“I heard them, too, and there’s a car out in the drive that wasn’t there yesterday,” Claire said.
“You can’t see the front drive from your room,” Montana pointed out to Claire.
“I looked out the porch window just a moment ago. It’s a white Toyota Camry,” Claire replied.
“A Corolla,” Montana said.
“My brother owns one.”
“Of course,” Claire said. “Well, I’m sure you’re right.”
“But you were right, too. It definitely wasn’t out there yesterday,” Montana added.
So far Rue couldn’t tell if Montana and Claire were lesbians, or just very good friends, or soul mates in tedium.
Margaret hurried out to see the car for herself. When she returned, she seemed put out.
“Well, there is a white Corolla out there.” She turned to Rue. “I thought y’all only took four visitors at a time.”
“Normally, that’s true,” Rue said. “This is a special circumstance.”
“The more the merrier!” Claire said.
Not a sentiment Margaret shared, apparently. “When I first called to make reservations, I was hoping to bring my friend Rachel, but you said you were all full up.”
Webb strolled in at that moment, diverting attention momentarily from the unseen guest. Very momentarily. “Heidi up yet?” he asked as he took off his hat and sat down.
The name sent a wave of speculation rippling through the small group.
“Heidi?” Montana and Claire said, all ears.
“How old is she?” asked Jeanine. In her Webb quest, she seemed to consider youth her trump card.
“Why did she show up in the middle of the night?” Clearly, Margaret found this behavior highly suspect.
Laura, who had come in right behind Webb, carrying Fred, glowered first at the boom box, then at the extra empty chair. She kept walking. “I’ll get her.”
Margaret gaped at the others. “Was she carrying a chicken?”
“Looked like it,” Montana said. “Did the new person wake you up, Webb?” Jeanine asked. She gave her hair a flip as she turned toward him. She had platinum hair with a dark black streak through the front --- a reverse Lily Munster.
He appeared unmoved by her hair maneuver. “Shelley Winters and Monte woke me.”
They all stopped for a moment to listen to Laura calling through a shut door to Heidi. They couldn’t hear Heidi’s replies, but they exchanged amused looks at the sound of impatience in Laura’s voice. Then, when it was clear Laura was on her way back, they focused their attention on their oatmeal bowls again.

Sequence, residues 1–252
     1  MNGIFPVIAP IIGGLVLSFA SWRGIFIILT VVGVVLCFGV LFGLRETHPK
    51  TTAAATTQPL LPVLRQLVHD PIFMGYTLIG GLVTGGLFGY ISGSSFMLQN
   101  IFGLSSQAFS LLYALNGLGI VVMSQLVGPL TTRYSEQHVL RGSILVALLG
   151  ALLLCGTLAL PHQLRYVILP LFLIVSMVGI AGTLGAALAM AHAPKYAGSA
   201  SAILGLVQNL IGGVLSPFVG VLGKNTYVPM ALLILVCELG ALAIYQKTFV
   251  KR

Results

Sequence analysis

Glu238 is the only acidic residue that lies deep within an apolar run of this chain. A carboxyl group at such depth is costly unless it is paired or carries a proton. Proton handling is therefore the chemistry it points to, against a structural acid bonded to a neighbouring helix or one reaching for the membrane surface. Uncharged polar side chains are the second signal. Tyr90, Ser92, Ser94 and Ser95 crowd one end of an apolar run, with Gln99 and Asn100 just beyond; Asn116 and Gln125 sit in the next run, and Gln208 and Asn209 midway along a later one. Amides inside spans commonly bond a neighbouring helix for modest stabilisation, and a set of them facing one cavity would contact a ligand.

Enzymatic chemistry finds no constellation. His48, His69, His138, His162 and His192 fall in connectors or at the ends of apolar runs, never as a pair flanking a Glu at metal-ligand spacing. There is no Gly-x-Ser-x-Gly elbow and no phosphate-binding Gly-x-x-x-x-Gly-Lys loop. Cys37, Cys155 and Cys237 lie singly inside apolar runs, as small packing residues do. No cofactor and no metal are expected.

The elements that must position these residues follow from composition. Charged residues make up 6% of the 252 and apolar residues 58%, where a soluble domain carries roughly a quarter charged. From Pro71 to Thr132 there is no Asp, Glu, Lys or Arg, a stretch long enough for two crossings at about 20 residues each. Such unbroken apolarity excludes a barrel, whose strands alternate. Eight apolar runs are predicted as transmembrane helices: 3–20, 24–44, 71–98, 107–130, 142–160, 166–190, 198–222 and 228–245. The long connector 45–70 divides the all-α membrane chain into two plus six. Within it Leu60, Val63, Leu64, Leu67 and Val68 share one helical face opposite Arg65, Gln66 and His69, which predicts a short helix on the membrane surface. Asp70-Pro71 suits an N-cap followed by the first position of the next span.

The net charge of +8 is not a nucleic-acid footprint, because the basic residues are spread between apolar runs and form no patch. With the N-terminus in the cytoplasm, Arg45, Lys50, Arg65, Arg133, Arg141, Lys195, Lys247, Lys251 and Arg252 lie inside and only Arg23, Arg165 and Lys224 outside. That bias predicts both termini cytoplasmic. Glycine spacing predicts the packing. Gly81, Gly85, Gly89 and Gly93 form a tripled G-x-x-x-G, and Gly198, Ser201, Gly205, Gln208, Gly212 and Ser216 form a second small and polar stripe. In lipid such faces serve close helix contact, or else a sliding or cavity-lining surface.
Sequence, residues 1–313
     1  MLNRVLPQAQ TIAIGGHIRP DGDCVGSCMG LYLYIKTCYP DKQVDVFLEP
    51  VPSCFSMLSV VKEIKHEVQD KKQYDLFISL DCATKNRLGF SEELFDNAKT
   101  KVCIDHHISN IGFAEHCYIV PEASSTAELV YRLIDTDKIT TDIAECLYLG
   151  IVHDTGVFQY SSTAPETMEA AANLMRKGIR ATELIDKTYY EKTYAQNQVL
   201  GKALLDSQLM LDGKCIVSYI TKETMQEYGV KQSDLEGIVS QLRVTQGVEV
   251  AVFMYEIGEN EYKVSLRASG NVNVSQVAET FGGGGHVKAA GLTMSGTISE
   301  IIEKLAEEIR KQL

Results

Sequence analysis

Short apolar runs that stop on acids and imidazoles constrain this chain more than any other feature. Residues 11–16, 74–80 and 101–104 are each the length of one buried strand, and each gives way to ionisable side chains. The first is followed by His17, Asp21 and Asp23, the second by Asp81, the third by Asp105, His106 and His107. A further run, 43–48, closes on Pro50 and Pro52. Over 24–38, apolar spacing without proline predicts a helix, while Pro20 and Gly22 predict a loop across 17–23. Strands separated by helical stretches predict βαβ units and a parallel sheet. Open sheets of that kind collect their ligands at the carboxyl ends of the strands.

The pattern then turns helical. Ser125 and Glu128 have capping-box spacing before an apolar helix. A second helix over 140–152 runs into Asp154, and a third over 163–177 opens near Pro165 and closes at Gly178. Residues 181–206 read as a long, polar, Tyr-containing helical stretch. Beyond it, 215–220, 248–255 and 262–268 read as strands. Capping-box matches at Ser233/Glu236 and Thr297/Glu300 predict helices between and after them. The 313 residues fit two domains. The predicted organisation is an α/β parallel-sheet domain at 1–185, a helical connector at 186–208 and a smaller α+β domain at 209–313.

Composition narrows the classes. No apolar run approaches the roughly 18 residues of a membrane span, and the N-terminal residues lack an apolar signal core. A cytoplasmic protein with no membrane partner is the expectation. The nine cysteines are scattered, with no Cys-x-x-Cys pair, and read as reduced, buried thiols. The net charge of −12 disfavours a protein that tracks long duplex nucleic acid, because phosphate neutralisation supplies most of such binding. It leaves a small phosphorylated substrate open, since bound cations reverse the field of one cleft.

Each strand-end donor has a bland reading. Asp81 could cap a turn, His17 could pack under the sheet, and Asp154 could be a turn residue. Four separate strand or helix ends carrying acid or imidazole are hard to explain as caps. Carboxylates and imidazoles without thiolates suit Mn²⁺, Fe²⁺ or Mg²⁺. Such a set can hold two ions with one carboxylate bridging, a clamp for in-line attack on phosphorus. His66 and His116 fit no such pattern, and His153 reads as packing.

Except for Jeanine. All her attention was on Webb. “Nothing ever wakes me up,” she said, yawning so that her little T-shirt crept up her midriff, revealing a belly button pierced by a silver hoop. “I always sleep like a baby.”
“If the sound of those barking dogs didn’t wake you, you sleep like the dead,” Montana told her.
Laura returned to her customary spot by the counter, set the chicken on the floor, washed her hands, and started grazing at the bowls of raisins and walnuts. “A man named Carl Bigsby lived down the road from here for years. He used to brag about being a sound sleeper, too. Then one night his house burned down, and all the firemen found of him was a charred head and a foot where his bed used to be.”
Spoons clattered against bowls, and Montana brayed in disgust. “That’s revolting!”
Laura’s eyes widened innocently. “It’s a true story.”
“Did you have to tell it while I was eating my oatmeal?” Jeanine asked, even though she hadn’t been eating her oatmeal. She always picked at her food; then Rue would clean her room in the morning and find a half dozen energy bar wrappers in the wastepaper basket. “That’s really gross.”
“And I really don’t think chickens are supposed to be allowed in eating establishments, are they?” Margaret asked, eyeing Fred warily as he darted anxious looks back at them all.
“I’m trying to cheer him up,” Laura said.
“Aren’t chickens carriers of something?”
Montana and Claire looked at each other as if just remembering the punch line to a shared joke. “Bird flu!” they said in unison.